French galettes des rois
In France, the first week of a new year means galette des rois (king cakes) to celebrate the Epiphany. You can find these shiny golden galettes in bakeries and supermarkets to remain in a festive mood throughout January. Are you ready to become the queen or the king of the day ? We will answer the following questions :
- Do you know the history behind this tasty tradition ?
- When exactly do we celebrate Epiphany ?
- The different types of galette des rois
Don’t miss the delicious selection in Paris at the end of this article ! You can also reach out for more information about my French Conversation Lessons to help you better understand French traditions.
What is the meaning of Galette des Rois ?
Originally pagan, the tradition of the galette goes back to Roman times, when feasts were held to celebrate solstice and honour Saturn, the pagan god of agriculture and time.
Masters and slaves would feast together and a bean would be hidden into one of the dishes or baked into a round golden-coloured cake (shaped like the sun for the solstice); the slave who found the bean would be anointed king for the day.
We share this cake to celebrate the meeting of the Three Kings (Melchior, Gaspard, and Balthazar) and Jesus in Bethlehem. The tradition of the bean in the cake became associated with the Christian feast. The cake was cut into slices, with one slice, the God’s portion, la part du Bon Dieu, offered to a poor person.
The bean was eventually replaced by a ceramic or porcelain figurine depicting Baby Jesus (or another religious symbol). But these too, later evolved to include an endless variety of trinkets. The fabophiles even collect them and have rare series.
When we do celebrate Epiphany ?
According to Christian tradition, the Epiphany takes place twelve days after the birth of Christ, on the 6th of January.
However, since January 6 falls regularly in the middle of the week, reform has moved the date to the second Sunday following Christmas. This means, it’s almost systematically the first Sunday after January. The cake of the kings is therefore cut on this date.
But don’t worry if you are not available on this weekend. The galette is so popular that you can buy some in December and until the end of January.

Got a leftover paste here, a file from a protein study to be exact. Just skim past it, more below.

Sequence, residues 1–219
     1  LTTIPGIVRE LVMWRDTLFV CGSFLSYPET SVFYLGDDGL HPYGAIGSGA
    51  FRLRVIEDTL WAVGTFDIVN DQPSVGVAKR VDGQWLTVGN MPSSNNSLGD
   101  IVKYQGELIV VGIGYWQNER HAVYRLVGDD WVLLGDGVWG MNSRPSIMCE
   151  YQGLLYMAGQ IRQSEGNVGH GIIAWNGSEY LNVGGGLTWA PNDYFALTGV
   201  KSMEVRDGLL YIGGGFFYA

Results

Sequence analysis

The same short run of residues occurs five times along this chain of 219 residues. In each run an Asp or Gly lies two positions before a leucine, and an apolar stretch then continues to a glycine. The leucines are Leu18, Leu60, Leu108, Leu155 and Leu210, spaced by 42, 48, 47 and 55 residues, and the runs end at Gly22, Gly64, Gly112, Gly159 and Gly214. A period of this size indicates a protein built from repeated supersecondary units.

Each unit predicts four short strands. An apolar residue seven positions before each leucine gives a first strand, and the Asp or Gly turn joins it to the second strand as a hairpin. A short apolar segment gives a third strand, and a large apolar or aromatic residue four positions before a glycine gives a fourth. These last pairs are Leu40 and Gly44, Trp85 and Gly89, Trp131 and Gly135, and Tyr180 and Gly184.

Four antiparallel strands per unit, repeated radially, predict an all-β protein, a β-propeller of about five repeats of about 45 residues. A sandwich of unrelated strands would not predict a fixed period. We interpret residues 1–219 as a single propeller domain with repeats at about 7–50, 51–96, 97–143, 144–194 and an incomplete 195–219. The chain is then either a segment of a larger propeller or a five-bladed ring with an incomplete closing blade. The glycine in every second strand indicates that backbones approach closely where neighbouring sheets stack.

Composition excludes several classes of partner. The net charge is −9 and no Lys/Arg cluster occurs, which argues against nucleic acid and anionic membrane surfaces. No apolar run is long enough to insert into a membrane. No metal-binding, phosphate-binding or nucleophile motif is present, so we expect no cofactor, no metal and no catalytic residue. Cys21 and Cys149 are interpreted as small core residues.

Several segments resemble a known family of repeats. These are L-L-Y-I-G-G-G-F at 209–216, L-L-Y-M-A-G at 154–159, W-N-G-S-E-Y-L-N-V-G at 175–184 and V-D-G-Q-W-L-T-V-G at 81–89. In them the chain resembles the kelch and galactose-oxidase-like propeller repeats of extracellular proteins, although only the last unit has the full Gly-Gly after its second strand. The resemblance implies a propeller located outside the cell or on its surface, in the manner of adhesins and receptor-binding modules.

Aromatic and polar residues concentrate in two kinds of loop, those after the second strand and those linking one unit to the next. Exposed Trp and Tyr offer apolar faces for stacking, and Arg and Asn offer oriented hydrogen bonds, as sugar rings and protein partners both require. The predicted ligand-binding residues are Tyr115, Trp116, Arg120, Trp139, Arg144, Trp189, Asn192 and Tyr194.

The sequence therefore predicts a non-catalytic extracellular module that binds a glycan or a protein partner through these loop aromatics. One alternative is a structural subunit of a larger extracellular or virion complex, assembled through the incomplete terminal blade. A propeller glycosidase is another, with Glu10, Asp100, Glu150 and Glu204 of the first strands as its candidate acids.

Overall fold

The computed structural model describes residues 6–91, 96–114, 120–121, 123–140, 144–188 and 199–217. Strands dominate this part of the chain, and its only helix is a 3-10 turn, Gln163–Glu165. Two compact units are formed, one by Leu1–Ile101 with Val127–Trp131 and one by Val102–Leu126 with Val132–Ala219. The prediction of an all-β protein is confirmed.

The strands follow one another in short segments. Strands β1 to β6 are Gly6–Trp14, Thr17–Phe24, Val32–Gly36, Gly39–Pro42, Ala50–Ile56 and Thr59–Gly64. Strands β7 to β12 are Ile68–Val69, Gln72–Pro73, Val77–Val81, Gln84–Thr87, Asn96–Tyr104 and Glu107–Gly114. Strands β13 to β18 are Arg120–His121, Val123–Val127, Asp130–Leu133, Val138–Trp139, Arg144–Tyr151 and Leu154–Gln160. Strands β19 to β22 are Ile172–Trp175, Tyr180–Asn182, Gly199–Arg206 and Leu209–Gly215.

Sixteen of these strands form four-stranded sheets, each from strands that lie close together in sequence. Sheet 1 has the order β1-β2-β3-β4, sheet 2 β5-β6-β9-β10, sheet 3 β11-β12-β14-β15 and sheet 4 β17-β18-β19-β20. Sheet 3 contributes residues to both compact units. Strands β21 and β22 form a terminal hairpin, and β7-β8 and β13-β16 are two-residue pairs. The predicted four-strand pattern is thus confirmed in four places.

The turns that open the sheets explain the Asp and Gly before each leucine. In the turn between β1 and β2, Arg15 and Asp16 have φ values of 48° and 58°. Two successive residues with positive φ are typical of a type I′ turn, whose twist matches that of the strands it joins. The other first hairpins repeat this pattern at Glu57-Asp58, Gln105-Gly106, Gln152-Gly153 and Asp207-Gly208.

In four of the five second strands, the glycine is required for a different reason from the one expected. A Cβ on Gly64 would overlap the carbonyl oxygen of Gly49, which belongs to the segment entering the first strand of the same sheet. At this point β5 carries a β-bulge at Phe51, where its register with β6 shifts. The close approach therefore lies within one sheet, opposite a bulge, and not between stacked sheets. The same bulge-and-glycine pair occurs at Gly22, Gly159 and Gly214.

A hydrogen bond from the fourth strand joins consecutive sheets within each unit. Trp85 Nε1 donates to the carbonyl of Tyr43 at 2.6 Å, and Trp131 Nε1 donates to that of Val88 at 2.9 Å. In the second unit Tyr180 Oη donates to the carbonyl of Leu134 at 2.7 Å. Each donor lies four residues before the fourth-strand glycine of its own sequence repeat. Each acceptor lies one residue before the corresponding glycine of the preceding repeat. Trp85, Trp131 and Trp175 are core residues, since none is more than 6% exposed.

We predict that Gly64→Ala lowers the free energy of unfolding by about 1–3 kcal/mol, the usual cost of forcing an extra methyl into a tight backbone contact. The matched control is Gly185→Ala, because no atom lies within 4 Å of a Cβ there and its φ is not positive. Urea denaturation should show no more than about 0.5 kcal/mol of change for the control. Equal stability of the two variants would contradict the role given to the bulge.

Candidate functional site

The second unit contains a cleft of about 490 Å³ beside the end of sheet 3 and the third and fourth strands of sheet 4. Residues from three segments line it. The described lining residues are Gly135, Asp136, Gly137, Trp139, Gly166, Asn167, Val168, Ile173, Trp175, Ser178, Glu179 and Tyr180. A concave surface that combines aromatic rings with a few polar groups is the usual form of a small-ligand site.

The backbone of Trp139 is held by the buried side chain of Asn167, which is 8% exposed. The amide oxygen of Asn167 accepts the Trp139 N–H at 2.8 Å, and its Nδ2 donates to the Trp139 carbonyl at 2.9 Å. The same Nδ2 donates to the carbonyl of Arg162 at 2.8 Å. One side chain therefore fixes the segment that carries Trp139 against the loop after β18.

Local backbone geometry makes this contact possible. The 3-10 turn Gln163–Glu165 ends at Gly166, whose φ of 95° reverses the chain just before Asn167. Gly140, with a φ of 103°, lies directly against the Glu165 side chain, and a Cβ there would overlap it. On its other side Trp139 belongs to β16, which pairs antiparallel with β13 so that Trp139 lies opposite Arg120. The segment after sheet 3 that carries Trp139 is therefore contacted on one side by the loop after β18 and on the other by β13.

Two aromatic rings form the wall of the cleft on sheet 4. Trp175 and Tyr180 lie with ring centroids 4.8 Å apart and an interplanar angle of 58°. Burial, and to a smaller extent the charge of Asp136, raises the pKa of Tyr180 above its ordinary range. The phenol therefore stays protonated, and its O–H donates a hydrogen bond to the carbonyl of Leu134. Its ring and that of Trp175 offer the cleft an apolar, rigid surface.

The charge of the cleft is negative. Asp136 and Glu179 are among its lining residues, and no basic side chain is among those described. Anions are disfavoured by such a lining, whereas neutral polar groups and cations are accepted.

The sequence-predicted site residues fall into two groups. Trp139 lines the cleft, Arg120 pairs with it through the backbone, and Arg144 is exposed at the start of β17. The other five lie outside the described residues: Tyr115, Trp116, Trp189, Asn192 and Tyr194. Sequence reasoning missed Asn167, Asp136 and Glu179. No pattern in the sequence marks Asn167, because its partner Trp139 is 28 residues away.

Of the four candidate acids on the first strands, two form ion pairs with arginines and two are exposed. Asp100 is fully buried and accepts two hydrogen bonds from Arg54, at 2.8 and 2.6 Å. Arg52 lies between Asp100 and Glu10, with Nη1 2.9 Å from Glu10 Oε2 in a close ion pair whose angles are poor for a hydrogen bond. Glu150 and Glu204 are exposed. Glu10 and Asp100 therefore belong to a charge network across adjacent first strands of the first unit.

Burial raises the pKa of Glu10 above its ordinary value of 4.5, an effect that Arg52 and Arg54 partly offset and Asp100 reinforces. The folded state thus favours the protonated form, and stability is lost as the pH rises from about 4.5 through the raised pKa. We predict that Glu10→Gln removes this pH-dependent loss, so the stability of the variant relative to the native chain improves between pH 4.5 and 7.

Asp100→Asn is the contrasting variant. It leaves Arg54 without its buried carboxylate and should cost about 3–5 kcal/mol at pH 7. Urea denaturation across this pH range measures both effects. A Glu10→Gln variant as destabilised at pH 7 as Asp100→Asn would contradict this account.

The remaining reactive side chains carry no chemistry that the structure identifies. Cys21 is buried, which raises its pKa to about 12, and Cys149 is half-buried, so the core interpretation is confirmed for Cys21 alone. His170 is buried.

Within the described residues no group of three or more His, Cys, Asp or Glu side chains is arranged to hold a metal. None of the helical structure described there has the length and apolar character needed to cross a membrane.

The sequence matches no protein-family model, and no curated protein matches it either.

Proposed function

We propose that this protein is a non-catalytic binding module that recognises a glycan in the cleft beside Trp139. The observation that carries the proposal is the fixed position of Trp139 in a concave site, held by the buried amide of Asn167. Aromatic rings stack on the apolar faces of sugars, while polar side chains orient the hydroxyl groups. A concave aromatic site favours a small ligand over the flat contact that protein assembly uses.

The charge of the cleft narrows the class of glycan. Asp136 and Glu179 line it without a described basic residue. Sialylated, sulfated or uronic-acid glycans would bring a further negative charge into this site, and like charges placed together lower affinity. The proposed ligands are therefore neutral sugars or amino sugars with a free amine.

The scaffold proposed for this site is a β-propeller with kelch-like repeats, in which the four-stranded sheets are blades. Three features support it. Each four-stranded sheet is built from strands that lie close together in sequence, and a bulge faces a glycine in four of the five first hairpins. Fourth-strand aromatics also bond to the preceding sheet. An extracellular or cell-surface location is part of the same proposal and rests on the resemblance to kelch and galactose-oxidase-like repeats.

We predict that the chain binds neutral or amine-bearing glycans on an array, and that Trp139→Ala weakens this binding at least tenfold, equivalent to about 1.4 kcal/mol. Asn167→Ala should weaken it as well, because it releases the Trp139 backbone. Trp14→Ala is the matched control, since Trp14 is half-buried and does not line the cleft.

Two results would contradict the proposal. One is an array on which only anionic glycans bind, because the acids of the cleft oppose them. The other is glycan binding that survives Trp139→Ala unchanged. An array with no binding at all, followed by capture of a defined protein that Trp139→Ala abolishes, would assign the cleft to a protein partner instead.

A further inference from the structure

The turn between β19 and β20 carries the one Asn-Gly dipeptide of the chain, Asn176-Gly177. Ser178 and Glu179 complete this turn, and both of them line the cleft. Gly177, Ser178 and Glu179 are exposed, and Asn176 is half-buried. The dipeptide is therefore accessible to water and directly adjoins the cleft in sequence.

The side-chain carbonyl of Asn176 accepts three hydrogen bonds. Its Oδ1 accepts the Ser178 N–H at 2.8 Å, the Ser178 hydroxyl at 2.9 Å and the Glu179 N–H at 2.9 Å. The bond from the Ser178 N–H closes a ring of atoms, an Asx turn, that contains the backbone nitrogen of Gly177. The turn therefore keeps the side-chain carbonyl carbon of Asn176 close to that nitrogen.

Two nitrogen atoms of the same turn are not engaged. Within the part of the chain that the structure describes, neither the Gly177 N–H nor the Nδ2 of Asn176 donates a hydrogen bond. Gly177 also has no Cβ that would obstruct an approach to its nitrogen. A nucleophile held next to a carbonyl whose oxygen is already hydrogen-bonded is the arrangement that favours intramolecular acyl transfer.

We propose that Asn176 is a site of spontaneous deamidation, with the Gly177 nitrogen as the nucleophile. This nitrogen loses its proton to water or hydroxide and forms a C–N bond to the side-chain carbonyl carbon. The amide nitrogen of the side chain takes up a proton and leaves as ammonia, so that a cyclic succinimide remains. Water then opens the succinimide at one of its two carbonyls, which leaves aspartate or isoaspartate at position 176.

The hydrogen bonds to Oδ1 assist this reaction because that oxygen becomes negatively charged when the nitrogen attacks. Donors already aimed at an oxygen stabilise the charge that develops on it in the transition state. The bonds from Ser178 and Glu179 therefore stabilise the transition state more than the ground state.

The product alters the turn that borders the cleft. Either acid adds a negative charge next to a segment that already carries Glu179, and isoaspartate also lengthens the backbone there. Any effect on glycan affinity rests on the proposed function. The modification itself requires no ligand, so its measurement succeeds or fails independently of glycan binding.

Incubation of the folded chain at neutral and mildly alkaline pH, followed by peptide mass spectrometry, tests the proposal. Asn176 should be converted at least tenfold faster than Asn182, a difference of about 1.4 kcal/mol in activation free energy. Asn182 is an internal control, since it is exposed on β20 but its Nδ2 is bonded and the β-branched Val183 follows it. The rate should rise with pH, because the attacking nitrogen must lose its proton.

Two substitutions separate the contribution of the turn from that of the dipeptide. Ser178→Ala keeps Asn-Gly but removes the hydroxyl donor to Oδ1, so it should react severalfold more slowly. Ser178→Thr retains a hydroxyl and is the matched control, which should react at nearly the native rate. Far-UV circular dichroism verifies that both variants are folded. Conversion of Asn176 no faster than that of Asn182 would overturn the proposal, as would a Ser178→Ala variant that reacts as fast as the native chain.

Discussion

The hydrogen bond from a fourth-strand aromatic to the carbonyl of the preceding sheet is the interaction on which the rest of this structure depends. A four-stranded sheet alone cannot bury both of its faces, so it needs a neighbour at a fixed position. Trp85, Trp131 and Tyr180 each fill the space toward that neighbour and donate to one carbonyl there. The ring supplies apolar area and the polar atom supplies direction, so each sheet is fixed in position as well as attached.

Today, every cake lover celebrates the Epiphany in France but also Switzerland, Belgium and Canada. You can buy a galette (or several), no matter if you are a practicing catholic or not.
A selection of tasty Galette des Rois
We can find 2 types of galette des rois :
- puffed pastry generally filled with almond paste
- or a brioche with candied fruits
However, pastry chefs in France are getting more and more creative as years have passed. Epiphany has become a competition to promote the best bakeries / pâtisseries for galettes, with the most unique flavours (cinnamon, pineapple, pear, peanut butter,..). You can find different sizes, shapes and the price can go to over 40 or 50 euros for the most outstanding in Paris.
Pastry chef Philippe Conticini has created for Epiphanie 2021 a galette des Reines! A frangipane cake with a touch of amber rum. Feminist, this cake of Queens 2021 was made in collaboration with les Eclaireuses.
BoetMie will delight you with two hexagon shaped cake of kings :
- one with chocolate
- one with 100% almond cream with a touch of orgeat syrup to enhance the fragrance of the fruit.)
For La maison du Chocolat the chef Nicolas Cloiseau has created a galette Belle-Hélène, a cake of the Kings chocolate, pear and pecan nuts. The cocoa lovers won’t miss it !
For 2021, the pâtissier-baker Benoit Castel has come up again with an inventive Epiphany cake :
- A hearty and scrumptious Kings’ Brioche with orange blossom and candied fruits filled with sugar, and covered in sugar beads and candied fruits.
- A galette des rois with a caramelized puff pastry and an almond cream with hints of
This year you also have the choice at Cyril Lignac’s patisseries :
- Orange blossom, pistachios, candied fruits and orange zests King’s Brioche
- Almond Epiphany Cake
Photos © Sortir à Paris
If you’d like to know more about French pastries, feel free to read on our Guide to the French pastries and its part 2. It’s also always a pleasure to welcome students from cooking classes and French food lovers in my classes !